Kathleen E. Payne
Prior to joining the Law College faculty in 1980, Professor Payne was a law clerk to Justice Blair Moody, Jr. of the Michigan Supreme Court. She serves as a case evaluator for the Wayne County Mediation Tribunal Association. Since 1988, she has given bar review lectures on commercial law and multi-state subjects. Professor Payne received the MSU Law Student Bar Association's Distinguished Professor Award for 2004-05. Professor Payne teaches Secured Transactions, Bankruptcy Reorganizations of Business, Contracts, Legislative Drafting, and Torts.
LL.M. University of Michigan, 1981; J.D. Detroit College of Law, 1977; M.A. Eastern Michigan University, 1970; B.A. Michigan State University, 1967
- Civil Procedure I
(Formerly DCL 121) (This course is being replaced by Civil Procedure I LAW530A beginning fall 2011) A survey of civil procedure from selection of an appropriate forum through pleading and joinder. Areas considered include jurisdiction, venue, choice of law, pleadings, joinder of claims and joinder of parties. Primary emphasis is placed on the Federal Rules of Civil Procedure with some discussion of state deviations from the federal model.
- Civil Procedure II
(Formerly DCL 122) (This course is being replaced by Civil Procedure I LAW530A beginning fall 2011) A continuation of Civil Procedure I covering discovery, summary and default judgment, pretrial proceedings, trial by jury, trial practice, post-trial motions, appeals, and the doctrines of issue and claim preclusion.
- Contracts I
(Formerly DCL 101) (This course is being replaced by Contracts LAW 530B beginning fall 2011) A study of the basic law relating to the formation of a contract. With respect to the creation of a contract, capacity, mutual assent, consideration and compliance with formalities are discussed. Article 2 of the Uniform Commercial Code is integrated with common law contract principles throughout the course.
- Contracts II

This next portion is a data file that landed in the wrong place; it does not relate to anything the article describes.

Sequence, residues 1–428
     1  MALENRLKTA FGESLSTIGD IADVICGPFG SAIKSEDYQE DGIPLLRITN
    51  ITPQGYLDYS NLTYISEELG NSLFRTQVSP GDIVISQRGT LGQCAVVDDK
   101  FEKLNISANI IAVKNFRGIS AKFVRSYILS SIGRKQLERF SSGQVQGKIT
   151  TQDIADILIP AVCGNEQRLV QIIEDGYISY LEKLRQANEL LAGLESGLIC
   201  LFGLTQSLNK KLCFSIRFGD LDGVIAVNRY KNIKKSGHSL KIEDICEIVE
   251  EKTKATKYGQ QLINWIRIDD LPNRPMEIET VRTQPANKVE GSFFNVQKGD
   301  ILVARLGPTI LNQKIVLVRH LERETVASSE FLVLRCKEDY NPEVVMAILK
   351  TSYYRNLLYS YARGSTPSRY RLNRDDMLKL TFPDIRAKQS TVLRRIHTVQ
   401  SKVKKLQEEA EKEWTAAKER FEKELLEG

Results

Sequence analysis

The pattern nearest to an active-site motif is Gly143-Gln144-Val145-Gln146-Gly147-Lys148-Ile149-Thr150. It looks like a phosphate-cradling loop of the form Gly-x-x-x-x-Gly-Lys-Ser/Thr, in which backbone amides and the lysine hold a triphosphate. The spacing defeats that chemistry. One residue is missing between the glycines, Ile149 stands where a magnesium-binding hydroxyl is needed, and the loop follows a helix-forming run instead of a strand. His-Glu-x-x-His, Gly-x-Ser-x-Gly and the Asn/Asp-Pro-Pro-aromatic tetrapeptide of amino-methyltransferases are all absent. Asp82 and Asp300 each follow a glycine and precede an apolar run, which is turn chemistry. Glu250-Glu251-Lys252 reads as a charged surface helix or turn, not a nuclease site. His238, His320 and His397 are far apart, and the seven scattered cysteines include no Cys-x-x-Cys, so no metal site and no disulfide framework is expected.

(Formerly DCL 102) (This course is being replaced by Contracts LAW 530B beginning fall 2011)Continues the survey of many basic contract issues, including the avoidability of contracts; the Statute of Frauds requirement; the process of determining the total contract obligation of the parties; the determination of proper performance of contracts, contract breaches and related doctrines; and the available legal redress for contract breaches.
(Formerly DCL 333) Considered are the history and development of equity, equity jurisdiction, remedies available in equity and contempt powers.
- Secured Transactions
(Formerly DCL 240) Covers the process of financing the sale of goods, the secured transaction under Article 9 of the Uniform Commercial Code, including creation, perfection, priority of security interests in personal property and default procedures.
- Torts I
(Formerly DCl 141) The study of the protection that the law affords against interference by others with one's person, property or intangible interest. It is broadly divisible into three areas of liability: intentional interference, negligence and strict liability. Specific tort actions and defenses are analyzed. Each is examined in the context of underlying social and economic factors that provide the framework in which law develops and social conflict is managed.
- Torts II
(Formerly DCL 434) This course is a continuation of the required Torts course. Building on the basic tort causes of action based on intent, negligence and strict liability, this course will survey a wide variety of specialized tort topics including workers' compensation, social security disability benefits, no-fault automobile insurance, defamation, privacy, malicious prosecution, trademark infringement, misrepresentation and tort actions created under civil rights law. It also will focus on practical problems in torts cases such as settlement, contribution and indemnification. The course includes a practice component. Students will interview a client in an automobile negligence or slip-and-fall case, draft a complaint based upon the interview and draft a case evaluation summary.
- Workers' Compensation
(Formerly DCL 389) This course involves the study of the principal provisions of the Michigan Workers' Disability Compensation Act and decisions thereunder, notably in respect to compensability, benefits and proceedings before the Compensation Bureau.
Michigan, Illinois, Nevada